The Nikkei released survey results on 1,000 city-dwelling single men and women in their 20s through 40s who have no children, conducted online by Macromill on 18 through 19 January 2013.
55.5% of young adults in their 20s said "because I am connected to my friends online, I do not feel lonely when I go out to eat or for some leisure on my own." This is more than 10 percentage points higher than respondents in their 40s, indicating that the young adults are more digitally connected, and thus, have less need for physical company.
Interestingly, when these "do it solo" consumers were divided into four groups - True Solos who prefer to be alone and do not wish to contact people digitally when out on their own; Masked Solos who enjoy being alone but want to stay connected to friends; Part Time Solos; and Anti-Solos who enjoy being with friends and want to stay connected even when they are alone - the True Solos are the largest, at 46.0%, and Anti-Solos were the minority at only 10.9%.
In terms of spending, 36.3% said they are indeed spending more on a monthly basis than three years ago with 40.0% of the Masked Solos in their 20s being the largest group to say so.
So, what do they spend on?
55.5% of men who eat out alone said they go to beef bowl places while 64.0% of women said they go to self-service coffee shops.
Other destinations for men are:
No.2 ramen (noodle) shops
No.3 self service coffee shops
No.4 western fast food restaurants
No.5 soba (buckwheat noodles) and udon restaurants
For women, they are:
No.2 western fast food restaurants
No.3 full service coffee shops
No.4 casual restaurants
No.5 ramen shops
For future consumption, men said they would like to go out for beef noodles and travel domestically alone, while women said they would like to go to self service coffee shops and the movies.
75.7% of respondents said that they would like to be able to enjoy going out on their own in their old age.
### CarpediemJapan.com views and observations ###
Already in Japan, there are some karaoke boxes that cater specifically to solo customers, and dropping into any coffee shop - be it Starbucks, Doutor, or Veloce - will mean seeing many solo customers who are not necessarily waiting for friends to show up.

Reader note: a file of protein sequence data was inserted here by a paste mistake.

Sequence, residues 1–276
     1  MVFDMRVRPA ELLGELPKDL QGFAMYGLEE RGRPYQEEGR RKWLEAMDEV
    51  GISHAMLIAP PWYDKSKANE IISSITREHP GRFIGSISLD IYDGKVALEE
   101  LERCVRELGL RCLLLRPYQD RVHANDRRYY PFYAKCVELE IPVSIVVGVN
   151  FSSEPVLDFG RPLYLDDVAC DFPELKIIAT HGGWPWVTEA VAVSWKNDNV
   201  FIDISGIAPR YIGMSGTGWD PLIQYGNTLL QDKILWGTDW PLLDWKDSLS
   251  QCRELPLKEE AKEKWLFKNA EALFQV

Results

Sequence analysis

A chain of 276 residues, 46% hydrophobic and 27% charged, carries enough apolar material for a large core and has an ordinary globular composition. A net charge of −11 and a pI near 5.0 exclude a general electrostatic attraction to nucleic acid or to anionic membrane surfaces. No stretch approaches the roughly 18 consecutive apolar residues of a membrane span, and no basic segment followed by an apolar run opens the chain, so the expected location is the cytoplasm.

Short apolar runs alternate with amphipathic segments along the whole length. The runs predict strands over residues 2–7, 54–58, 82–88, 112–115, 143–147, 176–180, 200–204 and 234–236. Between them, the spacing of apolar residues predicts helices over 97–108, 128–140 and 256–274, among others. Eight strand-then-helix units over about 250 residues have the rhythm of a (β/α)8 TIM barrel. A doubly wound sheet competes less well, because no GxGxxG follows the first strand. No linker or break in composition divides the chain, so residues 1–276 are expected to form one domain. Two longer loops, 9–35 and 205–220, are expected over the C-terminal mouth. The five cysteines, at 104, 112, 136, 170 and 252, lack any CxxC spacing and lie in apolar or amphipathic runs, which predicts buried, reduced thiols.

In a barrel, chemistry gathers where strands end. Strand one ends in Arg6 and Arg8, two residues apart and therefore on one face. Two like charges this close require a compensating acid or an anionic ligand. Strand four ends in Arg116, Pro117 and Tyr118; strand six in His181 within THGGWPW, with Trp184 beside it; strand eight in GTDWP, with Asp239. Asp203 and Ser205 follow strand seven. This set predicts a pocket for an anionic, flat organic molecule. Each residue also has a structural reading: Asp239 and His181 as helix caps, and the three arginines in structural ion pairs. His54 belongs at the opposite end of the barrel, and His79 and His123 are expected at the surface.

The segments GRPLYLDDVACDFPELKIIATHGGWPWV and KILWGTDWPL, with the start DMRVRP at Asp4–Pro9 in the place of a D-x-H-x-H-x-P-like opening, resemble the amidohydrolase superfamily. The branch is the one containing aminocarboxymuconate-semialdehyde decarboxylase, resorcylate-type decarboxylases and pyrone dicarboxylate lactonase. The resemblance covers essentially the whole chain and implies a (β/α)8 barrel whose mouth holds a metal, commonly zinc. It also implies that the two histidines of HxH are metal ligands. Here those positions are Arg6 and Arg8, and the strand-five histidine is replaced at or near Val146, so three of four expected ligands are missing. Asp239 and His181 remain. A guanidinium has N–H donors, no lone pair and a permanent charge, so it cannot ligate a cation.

Stand up bars in popular locations that offer tapas style small dishes, once the "urban oasis" for the middle aged white collar men are also increasing in popularity, even among older working women, as a casual place they could drop by on their own. Perhaps because many are not too closed in or only have short curtains instead of walls.
Even before Starbucks starting pushing the "third place" concept, coffee shops in Japan have been that third place where businessmen may stop by on their way to work for a 500-yen breakfast which may typically be some toast, hard boiled egg, small salad, and coffee; ow where a housewife sits down for a coffee and a slice of cake on her way home from groceries shopping; or a hideout for a middle aged man on a weekend to sit quietly with a book away from his family.
And who could blame us? We have 1/4 of the population of the US living on 1/25 of the land mass, with only 28% of it being arable. We are literally on top of each other all the time, so finding some space to be alone is a luxury, especially for city dwellers.
Yet, in this survey, in the open question section about what kind of future services they would like to see, some said "buffet restaurants for solo customers," and "casual restaurants specifically for solo customers" - indicating that there is a need for a specific destination for people to go solo, as opposed to going solo into venues meant for families and groups. Perhaps this is very typical of the Japanese who like to be like the others and not stand out. (I do not believe this is because they want to go to these places to meet other singles or solos.)